Make the Hole Bigger, and Eventually, It Disappears: Finding God in the Kitchen Renovation

 

This has been a beautiful summer. The kids think it’s been boring, but if this is boring, I don’t think anything could satisfy them.

We’ve been to Michigan. We spent a couple weeks with siblings and cousins at Mom and Dad’s. We had about a week of rest. And my husband has renovated our kitchen.

He began over a year ago, milling boards of quarter sawn white oak for our floor. He cut tongue and groove into each one, stacking the pile in his work shop to rest until the appropriate time.

For a long time the only visible signs of change in our house were 100 yards away in his work shop. We still had dilapidated blue cabinets in our kitchen, and a man-sized hole in the floor, with a sheet of ply wood slapped over it to prevent children and guests from falling into the crawlspace. We stepped over that hole for two years.

I kept asking my husband, “How are you going to fix this? I don’t see how you’re going to secure a good patch that won’t warp or make the subfloor uneven.” And he was vague on what solution he had in mind, until the day he and his brother took the crowbar to the entire floor, making the hole larger and larger, until nothing remained of it. The hole, along with the entire subfloor was gone.

photo-462I always feel so much fear when my husband starts a project of this magnitude, even though he’s proven himself again and again. Years ago, at our old house I planned to host a bridal shower for my cousin, and in passing the day before, I said something about how I wished our bathroom were different. Before I knew it, he and his brother, were hammering the wall with crowbars, removing layers of cedar paneling that made the bathroom look like a sauna from the eighties.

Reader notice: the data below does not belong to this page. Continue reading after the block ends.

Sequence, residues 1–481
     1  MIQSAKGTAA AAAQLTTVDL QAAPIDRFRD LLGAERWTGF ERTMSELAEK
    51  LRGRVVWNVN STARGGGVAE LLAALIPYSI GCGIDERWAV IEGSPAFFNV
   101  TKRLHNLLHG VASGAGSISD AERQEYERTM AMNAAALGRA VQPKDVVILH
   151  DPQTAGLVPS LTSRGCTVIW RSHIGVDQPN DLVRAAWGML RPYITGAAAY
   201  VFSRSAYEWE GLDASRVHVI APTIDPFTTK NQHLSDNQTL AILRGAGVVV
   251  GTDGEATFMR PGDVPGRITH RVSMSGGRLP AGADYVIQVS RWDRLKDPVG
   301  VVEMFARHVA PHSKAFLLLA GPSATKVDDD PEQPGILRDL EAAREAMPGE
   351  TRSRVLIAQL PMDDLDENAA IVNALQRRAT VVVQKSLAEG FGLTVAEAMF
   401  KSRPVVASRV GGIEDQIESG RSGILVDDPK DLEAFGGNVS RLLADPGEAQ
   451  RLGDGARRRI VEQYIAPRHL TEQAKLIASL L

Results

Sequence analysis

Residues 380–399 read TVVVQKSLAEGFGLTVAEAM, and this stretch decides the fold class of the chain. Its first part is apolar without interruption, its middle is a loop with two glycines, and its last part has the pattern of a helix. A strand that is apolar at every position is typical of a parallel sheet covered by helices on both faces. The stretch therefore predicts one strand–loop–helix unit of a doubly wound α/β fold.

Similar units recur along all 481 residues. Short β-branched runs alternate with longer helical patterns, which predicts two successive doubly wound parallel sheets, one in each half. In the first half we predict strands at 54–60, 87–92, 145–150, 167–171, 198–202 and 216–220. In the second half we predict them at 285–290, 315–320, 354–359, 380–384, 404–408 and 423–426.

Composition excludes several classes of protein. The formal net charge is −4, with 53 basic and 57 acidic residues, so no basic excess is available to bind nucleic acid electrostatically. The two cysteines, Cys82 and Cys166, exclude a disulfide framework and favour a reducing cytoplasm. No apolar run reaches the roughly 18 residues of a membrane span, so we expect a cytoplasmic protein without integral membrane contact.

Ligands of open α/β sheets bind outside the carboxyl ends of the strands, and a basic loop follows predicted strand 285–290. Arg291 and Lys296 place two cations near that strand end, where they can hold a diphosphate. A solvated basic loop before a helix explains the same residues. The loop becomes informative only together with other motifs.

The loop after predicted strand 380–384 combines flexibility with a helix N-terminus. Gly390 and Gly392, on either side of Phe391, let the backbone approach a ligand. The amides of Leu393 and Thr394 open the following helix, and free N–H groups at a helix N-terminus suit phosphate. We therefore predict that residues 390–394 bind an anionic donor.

Of course, I was terrified that there would be no toilet there in the morning, when twenty women were coming to eat cake and possibly powder their noses in that, our one and only bathroom.

By morning however, I had not only a toilet, but fresh white bead board on the walls, a new floor and sink, in short, an entirely renovated bathroom.

The kitchen has been no different. Transition from the old to the new required a major demolition, but the new has surpassed my expectations in every way.

I suppose the soul works in a similar way when it’s transitioning from one way of being to another.

God says, “Do you trust me enough to fix you? Do you really want to be healed? If so, I’m not just going to patch things up again. That’s the fix of fear, the fix of limitations. It’s temporary. In time everything warps around the foundation and starts caving in again. If you really want to be well, I’m going to have to rip out your heart and give you a new one.”

My heart has been set on many things. It follows every light, every open door, but there is no home in exile. And every time I discover this anew, I feel hardened where old scars have calcified. But my heart is still flesh. I could be wrong about this, but I don’t believe I’ve been ruined. And I don’t know that those who have missed or mistaken God’s will and desire in their lives are nothing but scar tissue. They’re flesh too.

What I believe is that in Christ we die and awaken with a new and rejuvenated heart. Nothing is left of the old one. His cure for a broken or calcified heart is to destroy it, and replace it with something fresh and new, but only if you’re willing to undergo demolition day.

The trick, I think is believing in the plan to come. God has already been preparing a new place for you, a new life. He’s been milling up the boards for a new foundation for a long time. He has already drawn up the plans. And if you can let go of the dilapidated old cabinets that you really secretly hate, because they’re not working for you at all, they’re overcrowded and off balance, and the doors keep falling off, if you could let them go, you’d be scared by the demolition, maybe even put out by it for a time, before God surprises you with something beautiful.

About Elizabeth Duffy

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